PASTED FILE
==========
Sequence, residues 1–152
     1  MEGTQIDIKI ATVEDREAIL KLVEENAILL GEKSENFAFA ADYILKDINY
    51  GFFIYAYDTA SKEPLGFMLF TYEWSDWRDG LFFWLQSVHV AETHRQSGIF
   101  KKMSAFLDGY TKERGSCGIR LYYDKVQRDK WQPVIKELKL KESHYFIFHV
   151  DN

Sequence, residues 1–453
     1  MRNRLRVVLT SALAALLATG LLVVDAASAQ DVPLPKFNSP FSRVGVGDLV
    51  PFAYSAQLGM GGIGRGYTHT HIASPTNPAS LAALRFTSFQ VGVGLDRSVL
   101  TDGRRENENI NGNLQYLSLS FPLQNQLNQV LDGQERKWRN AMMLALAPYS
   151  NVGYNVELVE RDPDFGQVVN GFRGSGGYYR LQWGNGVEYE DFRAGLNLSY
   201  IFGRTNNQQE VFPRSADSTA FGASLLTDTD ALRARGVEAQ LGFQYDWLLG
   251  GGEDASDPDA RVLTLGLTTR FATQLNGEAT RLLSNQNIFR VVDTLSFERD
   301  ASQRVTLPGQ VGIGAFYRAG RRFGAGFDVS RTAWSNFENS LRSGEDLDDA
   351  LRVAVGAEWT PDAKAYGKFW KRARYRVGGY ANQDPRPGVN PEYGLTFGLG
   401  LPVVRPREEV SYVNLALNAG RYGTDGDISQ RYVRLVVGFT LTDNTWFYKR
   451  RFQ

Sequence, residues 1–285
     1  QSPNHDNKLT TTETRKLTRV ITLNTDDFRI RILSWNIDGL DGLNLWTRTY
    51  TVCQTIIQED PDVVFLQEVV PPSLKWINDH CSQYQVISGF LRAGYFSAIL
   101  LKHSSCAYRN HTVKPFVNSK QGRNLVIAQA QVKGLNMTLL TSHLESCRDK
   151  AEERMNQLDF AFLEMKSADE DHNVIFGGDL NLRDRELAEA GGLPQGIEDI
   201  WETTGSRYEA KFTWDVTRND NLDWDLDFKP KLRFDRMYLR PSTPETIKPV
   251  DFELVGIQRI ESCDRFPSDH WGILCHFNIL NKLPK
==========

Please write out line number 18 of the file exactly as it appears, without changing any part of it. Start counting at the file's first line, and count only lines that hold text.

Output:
     1  QSPNHDNKLT TTETRKLTRV ITLNTDDFRI RILSWNIDGL DGLNLWTRTY